The Woman Who Raised the Buddha, The Extraordinary Life of Mahaprajapati
By Wendy Garling
Mar 23, 2021
About The Woman Who Raised the Buddha
The first full biography of Mahaprajapati Gautami, the woman who raised the Buddha–examining her life through stories and canonical records.
Mahaprajapati was the only mother the Buddha ever knew. His birth mother, Maya, died shortly after childbirth, and her sister Mahaprajapati took the infant to her breast, nurturing and raising him into adulthood. While there is a lot of ambiguity overall in the Buddha’s biography, this detail remains consistent across all Buddhist traditions and literature.
In this first full biography of Mahaprajapati, The Woman Who Raised the Buddha presents her life story, with attention to her early years as sister, queen, matriarch, and mother, as well as her later years as a nun. Drawing from story fragments and canonical records, Wendy Garling reveals just how exceptional Mahaprajapati’s role was as leader of the first generation of Buddhist women, helping the Buddha establish an equal community of lay and monastic women and men. Mother to the Buddha, mother to early Buddhist women, mother to the Buddhist faith, Mahaprajapati’s journey is finally presented as one interwoven with the founding of Buddhism.
Wendy Garling is a writer, mother, gardener, independent scholar, and authorized dharma teacher with a BA from Wellesley College and MA in Sanskrit language and literature from the University of California, Berkeley. She is the author of Stars at Dawn: Forgotten Stories of Women in the Buddha’s Life (2016, Shambhala Publications), a groundbreaking new biography of the Buddha that relates his journey to awakening through the stories of Buddhism’s first women. For many years Wendy has taught women’s spirituality focusing on Buddhist traditions, while also pursuing original research into women’s stories from ancient Sanskrit and Pali literature. As a freelance writer and editor, Wendy was on the editorial team at the Boston Women’s Health Collective for the 2005 edition of Our Bodies Ourselves and several subsequent BWHC publications. She also wrote business articles for The Palladium Group, published through Harvard Business Publishing.
A Tibetan Buddhist practitioner, Wendy has studied with teachers of different schools and lineages, foremost her refuge lama His Holiness the 16th Karmapa (who gave her the name Karma Dhonden Lhamo), her kind root lama, the late Sera Je Geshe Acharya Thubten Loden, and His Holiness the Dalai Lama whom she first met in 1979. From 1991-92 she coordinated the Georgia chapter of the International Year of Tibet, helping to bring many Tibetan cultural and religious events to Atlanta and Emory University. Pilgrimage has played an important role in Wendy’s life: in 2007 she journeyed to the sites of women saints in Tibet, and in 2012 and 2018 to sacred sites of the Buddha in India. Her dream is to bring back the stories of Buddhism’s first women, reawaken their voices, and ensure that they are not just remembered, but valorized as integral to the roots of Buddhism. Wendy lives in Concord, Massachusetts and can be reached at email@example.com.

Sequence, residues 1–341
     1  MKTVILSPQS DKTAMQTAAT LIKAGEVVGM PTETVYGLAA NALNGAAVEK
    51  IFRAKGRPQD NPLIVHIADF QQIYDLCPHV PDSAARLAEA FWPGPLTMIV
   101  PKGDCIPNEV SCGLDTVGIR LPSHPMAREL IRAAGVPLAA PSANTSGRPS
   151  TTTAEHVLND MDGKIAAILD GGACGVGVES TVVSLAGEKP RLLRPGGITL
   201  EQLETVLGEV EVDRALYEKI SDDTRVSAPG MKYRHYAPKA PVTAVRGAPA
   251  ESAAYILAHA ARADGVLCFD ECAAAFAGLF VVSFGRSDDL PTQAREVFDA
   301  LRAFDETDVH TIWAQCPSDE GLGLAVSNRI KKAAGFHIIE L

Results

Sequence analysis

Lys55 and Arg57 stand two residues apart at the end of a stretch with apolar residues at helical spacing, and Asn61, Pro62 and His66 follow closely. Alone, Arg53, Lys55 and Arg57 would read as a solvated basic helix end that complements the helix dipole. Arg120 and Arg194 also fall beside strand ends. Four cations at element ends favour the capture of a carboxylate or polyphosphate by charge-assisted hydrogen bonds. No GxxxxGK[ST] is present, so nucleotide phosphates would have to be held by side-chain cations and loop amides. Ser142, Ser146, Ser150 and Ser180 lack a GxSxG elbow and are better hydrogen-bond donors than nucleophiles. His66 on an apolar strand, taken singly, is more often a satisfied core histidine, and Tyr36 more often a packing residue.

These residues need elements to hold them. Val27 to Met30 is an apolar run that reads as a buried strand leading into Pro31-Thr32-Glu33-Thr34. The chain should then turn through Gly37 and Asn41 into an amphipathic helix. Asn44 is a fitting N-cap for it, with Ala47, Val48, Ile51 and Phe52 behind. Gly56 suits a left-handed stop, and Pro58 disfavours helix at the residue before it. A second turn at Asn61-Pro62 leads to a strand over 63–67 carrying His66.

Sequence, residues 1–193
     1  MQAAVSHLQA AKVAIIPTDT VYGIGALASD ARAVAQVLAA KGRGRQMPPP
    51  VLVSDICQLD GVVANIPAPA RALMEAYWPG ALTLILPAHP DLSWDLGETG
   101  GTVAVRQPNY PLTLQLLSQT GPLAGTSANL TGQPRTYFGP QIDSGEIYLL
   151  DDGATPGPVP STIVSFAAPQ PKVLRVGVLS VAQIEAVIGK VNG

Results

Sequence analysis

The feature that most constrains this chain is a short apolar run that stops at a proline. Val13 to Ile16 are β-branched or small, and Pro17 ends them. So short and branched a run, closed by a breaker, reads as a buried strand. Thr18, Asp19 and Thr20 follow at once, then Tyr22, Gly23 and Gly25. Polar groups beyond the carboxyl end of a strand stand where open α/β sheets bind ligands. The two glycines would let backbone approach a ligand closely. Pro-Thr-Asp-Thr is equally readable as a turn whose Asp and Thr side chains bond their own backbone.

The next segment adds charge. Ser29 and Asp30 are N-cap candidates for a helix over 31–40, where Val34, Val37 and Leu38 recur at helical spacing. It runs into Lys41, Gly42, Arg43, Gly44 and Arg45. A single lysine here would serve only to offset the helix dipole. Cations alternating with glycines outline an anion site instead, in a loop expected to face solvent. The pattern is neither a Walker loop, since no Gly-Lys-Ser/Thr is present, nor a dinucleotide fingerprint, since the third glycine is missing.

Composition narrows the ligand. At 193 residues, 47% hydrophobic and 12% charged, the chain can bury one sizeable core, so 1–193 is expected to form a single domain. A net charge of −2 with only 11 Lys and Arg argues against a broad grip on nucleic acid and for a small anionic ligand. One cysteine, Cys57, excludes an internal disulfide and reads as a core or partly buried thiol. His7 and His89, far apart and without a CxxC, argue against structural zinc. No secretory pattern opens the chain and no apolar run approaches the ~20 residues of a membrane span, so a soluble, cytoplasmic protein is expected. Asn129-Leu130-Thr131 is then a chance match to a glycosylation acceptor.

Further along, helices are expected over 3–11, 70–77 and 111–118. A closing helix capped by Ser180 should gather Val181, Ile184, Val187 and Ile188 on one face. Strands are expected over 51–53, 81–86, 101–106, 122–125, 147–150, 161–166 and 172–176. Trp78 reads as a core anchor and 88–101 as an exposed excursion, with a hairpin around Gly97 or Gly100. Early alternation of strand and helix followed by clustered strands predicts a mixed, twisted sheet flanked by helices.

- Wendy Garling on Mahaprajapati (Vimeo, 9 min.)
- Mothers in the Buddha’s Lifestory, Wendy Garling and Prof. Vanessa Sasson LumbiniMuseum.org (Youtube)
From the Introduction, p. 38
Assembling the stories of Mahaprajapati for this book was like making a crazy quilt, with swatches of different sizes, colors, patterns, and textures, some tattered and torn, others like new, spread out on a table then pieced together with threads of the aforementioned instinct, intuition, and common sense. By no means a conventional—and certainly not an academic—approach, but one that allows for each piece to take its place in a whole that would be greater than the sum of its parts. Too, this method allows for new ideas, patterns, and stories to emerge. That said, many gaps and inconsistencies in Mahaprajapati’s story persist despite my best efforts to present the arc of her life and at least begin to color in those areas that have been neglected, such as her years as a sister, queen, and mother before she ordained as a nun. As always in the vast and fascinating corpus of Buddhist literature, there is plenty of room for further research, translation, and discourse. May this book provide a helpful resource. May it also provide an entry point for a deeper understanding of the subjective layers, such as mother’s love, that became woven into the foundations of Buddhism.
- The Stories about the Foremost Elder Nuns (AN & AA 8.51-53)
- Three Discourses concerning Mahāpajāpatī Gotamī (AN 8.51-53)
- Therigatha with commentary, Psalms Of The Sisters, By Mrs. Rhys Davids, M.A.
- The Mahavastu (great story) by J. J. Jones | 1949
- Legends of the Buddhist Saints, Apadānapāli, Translated by Jonathan S. Walters, Whitman College
- The Nidānakathā, or Introduction to the Jātaka Stories
- The Buddha Carita or The Life of the Buddha E.B. Cowell’s translation of Aśvaghoṣa’s Buddhacarita
- The Play in Full [Lalitavistara]. 84000: Translating the Words of the Buddha, 2013.
Is anyone else reading this book? I’d love to hear your thoughts. The author uses both EBTs and later texts so I thought it was appropriate to discuss here.